In a previous commentary, I described one of the appeals of Don Johnson as having a "comfortable masculinity." After this episode 5, some amends are needed to that "comfortableness." The race issue has been dealt with in episode 2 (the Chinatown episode), gender issues have been continuously dealt with culminating in episode 4 (the Mad Bomber episode) with women as out-of-control bombers, and in episode 5, NASH BRIDGES confronts the homosexual issue with comedic trepidation.
With the presence of the incredibly tall and beautiful RuPaul (whoa, people, did I mention that I was heterosexual?) all the NASH BRIDGES characters are suddenly strongly heterosexual humping fools. It's not enough to declare oneself heterosexual - we must have visual verification that the NASH BRIDGES characters are indeed practicing heteros. Evan Cortez, who must later go undercover in drag, is shown coitus accompli with his passionless girlfriend who did not have an orgasm. Nash is seduced by Captain Sandra McCormick on her desk at the end of the episode. All doubts must be eliminated - hmm, what about Harvey Leek? In the past, Harvey's the weird guy who has phone sex, so it's appropriate that he voyeuristically serve as back-up while Evan is trying to pick up men on Polk Street.
In what seems like an overly extended hilarious sequence in the men's washroom, RuPaul advises Evan on how to dress and behave as a transsexual hooker to attract men. Nash bumps into Evan in the washroom. Evan (in a dress), asks the advice of Nash, the man's man, on what to do about Evan's passionless girlfriend. In a great bit of acting motions by Don Johnson, we hear Nash's zipper open as Nash prepares to contribute to the porcelain gods, all the while giving Evan advice on women. Nash finishes up, shaking out that last drop, and zips up as RuPaul makes an outrageous pass at Nash.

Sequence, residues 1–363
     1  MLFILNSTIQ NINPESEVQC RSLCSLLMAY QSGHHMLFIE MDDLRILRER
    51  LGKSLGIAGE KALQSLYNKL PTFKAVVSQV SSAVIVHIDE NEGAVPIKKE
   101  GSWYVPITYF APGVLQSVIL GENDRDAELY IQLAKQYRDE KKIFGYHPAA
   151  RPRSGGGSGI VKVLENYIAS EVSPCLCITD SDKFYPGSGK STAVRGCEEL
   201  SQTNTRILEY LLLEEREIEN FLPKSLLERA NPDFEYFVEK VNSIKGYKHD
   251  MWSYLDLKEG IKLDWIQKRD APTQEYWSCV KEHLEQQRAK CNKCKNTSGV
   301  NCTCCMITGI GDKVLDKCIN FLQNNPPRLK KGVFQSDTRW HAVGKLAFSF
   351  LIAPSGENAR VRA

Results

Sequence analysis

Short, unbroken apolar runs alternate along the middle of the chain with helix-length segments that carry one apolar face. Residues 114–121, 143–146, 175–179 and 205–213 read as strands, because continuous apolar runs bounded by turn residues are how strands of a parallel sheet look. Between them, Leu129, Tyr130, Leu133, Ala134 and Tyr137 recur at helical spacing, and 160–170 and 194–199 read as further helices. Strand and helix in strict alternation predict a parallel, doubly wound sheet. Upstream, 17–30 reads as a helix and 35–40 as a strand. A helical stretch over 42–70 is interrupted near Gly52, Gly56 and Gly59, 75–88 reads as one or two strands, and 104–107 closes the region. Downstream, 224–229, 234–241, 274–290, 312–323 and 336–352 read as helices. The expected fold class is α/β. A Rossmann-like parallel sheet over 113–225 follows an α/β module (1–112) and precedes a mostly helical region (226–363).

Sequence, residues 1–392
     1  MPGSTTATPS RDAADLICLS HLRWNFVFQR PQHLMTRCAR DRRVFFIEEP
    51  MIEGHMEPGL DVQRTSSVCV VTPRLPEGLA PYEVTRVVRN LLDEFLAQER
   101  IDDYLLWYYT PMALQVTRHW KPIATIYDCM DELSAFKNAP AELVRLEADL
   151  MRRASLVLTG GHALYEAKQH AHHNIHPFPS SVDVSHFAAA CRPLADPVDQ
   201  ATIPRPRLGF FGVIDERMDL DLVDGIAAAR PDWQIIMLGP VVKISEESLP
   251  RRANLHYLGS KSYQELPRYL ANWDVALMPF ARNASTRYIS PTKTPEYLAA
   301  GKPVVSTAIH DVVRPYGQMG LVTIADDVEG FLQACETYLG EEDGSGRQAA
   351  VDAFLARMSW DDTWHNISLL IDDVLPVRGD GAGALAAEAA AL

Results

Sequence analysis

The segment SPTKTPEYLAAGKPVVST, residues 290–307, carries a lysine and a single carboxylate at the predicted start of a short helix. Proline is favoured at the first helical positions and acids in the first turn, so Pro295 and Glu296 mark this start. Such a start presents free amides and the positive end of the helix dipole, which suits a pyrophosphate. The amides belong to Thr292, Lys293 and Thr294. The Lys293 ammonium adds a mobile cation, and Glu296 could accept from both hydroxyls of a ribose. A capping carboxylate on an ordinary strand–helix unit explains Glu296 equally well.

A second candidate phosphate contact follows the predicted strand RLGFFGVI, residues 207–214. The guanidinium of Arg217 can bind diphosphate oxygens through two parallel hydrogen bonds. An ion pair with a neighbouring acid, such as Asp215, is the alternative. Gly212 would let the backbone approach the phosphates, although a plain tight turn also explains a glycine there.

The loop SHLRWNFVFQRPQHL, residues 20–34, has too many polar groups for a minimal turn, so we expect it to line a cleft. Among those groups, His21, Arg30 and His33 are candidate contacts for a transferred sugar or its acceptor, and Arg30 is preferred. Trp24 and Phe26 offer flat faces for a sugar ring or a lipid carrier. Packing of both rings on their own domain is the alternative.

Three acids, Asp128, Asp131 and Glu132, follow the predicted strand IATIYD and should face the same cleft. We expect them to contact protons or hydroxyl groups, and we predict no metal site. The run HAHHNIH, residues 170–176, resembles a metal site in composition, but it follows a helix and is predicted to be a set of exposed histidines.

The kind of overcompensating masculinity present in this episode contrasts to the overall weakened norms of masculinity represented in various ways in NASH BRIDGES. Previously, the weakened norm was represented in Nash's father Nick with his Alzheimer's disease. Outside institutions (other than the police) are presented as feminine - the military (normally associated with the masculine) is represented by a female captain. In the previous episode, the representative of the city - the Mayor - is a woman. NASH BRIDGES presents a central core of masculine values (centered in the police profession) amidst a larger terrain of femininity (the city of San Francisco). The imbalance of homosexuality is presented as sexuality gone amok as symbolized in the search for the big gun. The kinky criminal who wants this big gun is the homosexual Vincenzo Diamond who picks up transsexual prostitutes. So disturbing is homosexuality to the sexual norm that Nash actually ends up protecting the mobster Vovokis by diverting Diamond's "big gun." Straight crime (the old man Vovokis has a young woman on board) is preferable to homosexuality.
Given this view of homosexuality, we mentioned before that one of the appeals of Don Johnson was his "comfortable masculinity" - it's more than comfortable, it's fortified and entrenched. How dare this episode storyline cast even the smallest shadow of doubt? In a hilarious twist, everything is thrown out the window when Evan's girlfriend sees him in drag - she's so turned on she jumps on Evan like a...uh...uh....I'm not sure what she is. That RuPaul sure has shapely legs.
For more, see synopsis for Episode 5